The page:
Where did June get its name?

by Craig Chalquist

June is the month in which the sun begins in Gemini and winds up in Cancer, overseeing the solstice on its way. Where did the name “June” come from?

The most common two explanations are:

1. June derives from iuniores, the Roman word for “youngsters,” just as maiores, “elders,” gives us the name of May. It makes archetypal sense that these energies would appear together in the Roman calendar: as Jung reminds us, the youthful presence of the puer (divine child) and the elderly wisdom of the senex (old ones) need to stay in touch with each other. Both benefit, as does the family and society at large.

2. Ovid tells that June comes from Juno, the goddess of heaven, marriage, rejuvenation, societal order, and lasting bonds. The daughter of Saturn and the wife of Jupiter, Juno also safeguards the family. Her attributes include her diadem, scepter, throne, robes, and goatskin. The cow and the peacock are animals sacred to her. She is sometimes referred to as a love goddess, but hers (unlike Venus’s) is the love of commitment, maternal care, and lasting responsibility. She even oversaw the calendar itself.

These two meanings of June could combine into one image of youthful Juno and the family she oversees. Often this family is as large as a nation, a society, even humanity as a whole.

June seems an auspicious time, then, for reflections that focus on family, renewal, long-term commitments (especially their beginnings), relationships between young and old, and the welfare of the human family.

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Archetypal Astrology

by Zhiwa Woodbury

This month the Resurrection Goddess Eris, whose discovery in 2005 resulted in the demotion of Pluto, conjoins Sky God Uranus in deep transcendental space. Eris embodies the chaos and strife that often precipitates regeneration, much like the Hindu creator/destroyer archetype Shiva, while Uranus is associated with rebellion and the emergent energy of individuation.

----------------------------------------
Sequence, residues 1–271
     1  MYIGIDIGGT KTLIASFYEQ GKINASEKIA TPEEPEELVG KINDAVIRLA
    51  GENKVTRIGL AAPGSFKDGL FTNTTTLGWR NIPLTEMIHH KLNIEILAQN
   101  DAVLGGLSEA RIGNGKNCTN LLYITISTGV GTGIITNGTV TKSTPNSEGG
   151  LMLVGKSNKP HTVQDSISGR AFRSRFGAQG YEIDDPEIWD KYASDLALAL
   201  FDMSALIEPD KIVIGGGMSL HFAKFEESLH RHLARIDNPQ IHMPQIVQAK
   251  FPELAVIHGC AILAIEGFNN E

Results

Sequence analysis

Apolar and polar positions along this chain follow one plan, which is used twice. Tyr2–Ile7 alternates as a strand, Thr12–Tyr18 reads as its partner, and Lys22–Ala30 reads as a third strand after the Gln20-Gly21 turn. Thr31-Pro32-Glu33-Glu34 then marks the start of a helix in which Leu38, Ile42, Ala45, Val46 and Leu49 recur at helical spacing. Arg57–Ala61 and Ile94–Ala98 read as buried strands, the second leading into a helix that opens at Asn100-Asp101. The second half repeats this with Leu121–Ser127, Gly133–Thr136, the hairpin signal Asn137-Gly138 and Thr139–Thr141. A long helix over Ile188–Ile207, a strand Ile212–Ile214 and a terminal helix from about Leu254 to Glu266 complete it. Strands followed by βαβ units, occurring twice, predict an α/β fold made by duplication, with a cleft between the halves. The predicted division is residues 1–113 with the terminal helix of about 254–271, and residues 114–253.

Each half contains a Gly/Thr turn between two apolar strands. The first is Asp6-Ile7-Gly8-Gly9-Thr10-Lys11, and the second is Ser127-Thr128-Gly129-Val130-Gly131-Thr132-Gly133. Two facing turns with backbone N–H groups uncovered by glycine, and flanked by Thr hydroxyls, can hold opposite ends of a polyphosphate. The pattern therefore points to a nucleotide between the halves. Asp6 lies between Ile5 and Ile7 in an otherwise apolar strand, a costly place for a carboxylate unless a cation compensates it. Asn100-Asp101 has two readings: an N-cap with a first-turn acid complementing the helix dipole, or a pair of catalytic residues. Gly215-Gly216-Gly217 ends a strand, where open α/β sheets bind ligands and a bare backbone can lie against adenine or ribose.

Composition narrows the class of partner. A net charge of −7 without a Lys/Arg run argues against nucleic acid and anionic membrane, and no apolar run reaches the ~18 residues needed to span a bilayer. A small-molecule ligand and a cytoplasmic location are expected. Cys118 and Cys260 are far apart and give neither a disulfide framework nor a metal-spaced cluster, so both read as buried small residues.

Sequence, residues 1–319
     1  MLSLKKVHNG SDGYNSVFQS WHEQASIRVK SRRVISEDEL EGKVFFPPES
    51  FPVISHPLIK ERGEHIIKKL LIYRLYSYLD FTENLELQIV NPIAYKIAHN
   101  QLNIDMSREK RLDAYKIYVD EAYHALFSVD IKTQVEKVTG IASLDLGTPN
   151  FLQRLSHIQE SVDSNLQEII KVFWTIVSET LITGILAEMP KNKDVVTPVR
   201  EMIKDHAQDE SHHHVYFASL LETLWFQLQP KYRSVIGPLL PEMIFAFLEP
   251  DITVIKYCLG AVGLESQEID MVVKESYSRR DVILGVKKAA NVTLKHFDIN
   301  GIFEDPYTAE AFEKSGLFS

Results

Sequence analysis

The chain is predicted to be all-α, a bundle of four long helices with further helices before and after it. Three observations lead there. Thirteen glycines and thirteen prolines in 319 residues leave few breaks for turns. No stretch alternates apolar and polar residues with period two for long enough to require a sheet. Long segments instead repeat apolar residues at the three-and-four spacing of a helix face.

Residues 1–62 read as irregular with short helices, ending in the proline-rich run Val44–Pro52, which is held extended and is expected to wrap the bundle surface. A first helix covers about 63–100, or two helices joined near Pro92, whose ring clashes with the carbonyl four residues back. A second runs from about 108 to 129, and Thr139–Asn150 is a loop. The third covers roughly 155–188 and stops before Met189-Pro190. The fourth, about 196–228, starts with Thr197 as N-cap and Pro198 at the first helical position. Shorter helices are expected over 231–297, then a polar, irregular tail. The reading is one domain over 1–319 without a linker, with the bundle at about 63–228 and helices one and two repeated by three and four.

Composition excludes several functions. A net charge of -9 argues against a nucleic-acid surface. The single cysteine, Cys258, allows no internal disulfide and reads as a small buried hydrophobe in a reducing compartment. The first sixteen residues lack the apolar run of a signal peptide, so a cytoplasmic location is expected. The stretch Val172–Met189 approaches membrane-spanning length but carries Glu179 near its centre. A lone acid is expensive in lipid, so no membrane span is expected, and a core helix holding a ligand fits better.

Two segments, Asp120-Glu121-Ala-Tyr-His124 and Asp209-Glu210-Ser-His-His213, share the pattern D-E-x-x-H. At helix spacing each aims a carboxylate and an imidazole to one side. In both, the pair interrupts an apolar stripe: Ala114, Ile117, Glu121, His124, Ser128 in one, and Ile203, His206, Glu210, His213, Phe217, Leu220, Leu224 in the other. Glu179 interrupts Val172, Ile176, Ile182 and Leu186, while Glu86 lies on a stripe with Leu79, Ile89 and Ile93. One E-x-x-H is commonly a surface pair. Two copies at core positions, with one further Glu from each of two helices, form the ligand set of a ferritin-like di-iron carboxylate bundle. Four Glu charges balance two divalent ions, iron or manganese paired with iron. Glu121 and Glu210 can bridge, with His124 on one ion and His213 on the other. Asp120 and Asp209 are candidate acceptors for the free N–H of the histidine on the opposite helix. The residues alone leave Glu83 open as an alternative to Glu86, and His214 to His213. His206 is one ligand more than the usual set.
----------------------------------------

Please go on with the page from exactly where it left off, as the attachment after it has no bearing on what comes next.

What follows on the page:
These two intense forces are conspiring in the constellation Aries, also associated with life and death (and war, ruled by Eris’ son Mars). These are challenging times, and this is a potent catalyst. We need to pay special attention to the way “generativity” is often masked by chaos and conflict in our lives, and how destruction in the world at large can clear the way for construction of something new. Columbus founded America the last time these archetypes aligned overhead. What kind of new world awaits us this time around?
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Myth and Music

by Lola McCrary

This month I would like to introduce you to British singer/songwriter Talis Kimberley. Using folk music to explore mythic themes, activism, and connectedness in day to day life, this talented musician says about her music, “Whether you’re interested in my green/political songs, my history/literary songs, or those inspired by folklore, tea & cake, or knitting, I hope you find what you’re after here!”. With five albums available for sale on her website, you can also download some free music with an account at http://taliskimberley.bandcamp.com/ or find a lot of her music on YouTube. Try “The Finding of the Feather,” possibly my favorite song ever by her: https://www.youtube.com/watch?v=EXKNIJ1dUZE . It is a deeply sensual piece that highlights the role of the feminine in the sacred marriage.
I especially recommend her album Queen of Spindles, and will in fact be talking about another song on it in an upcoming blog post.

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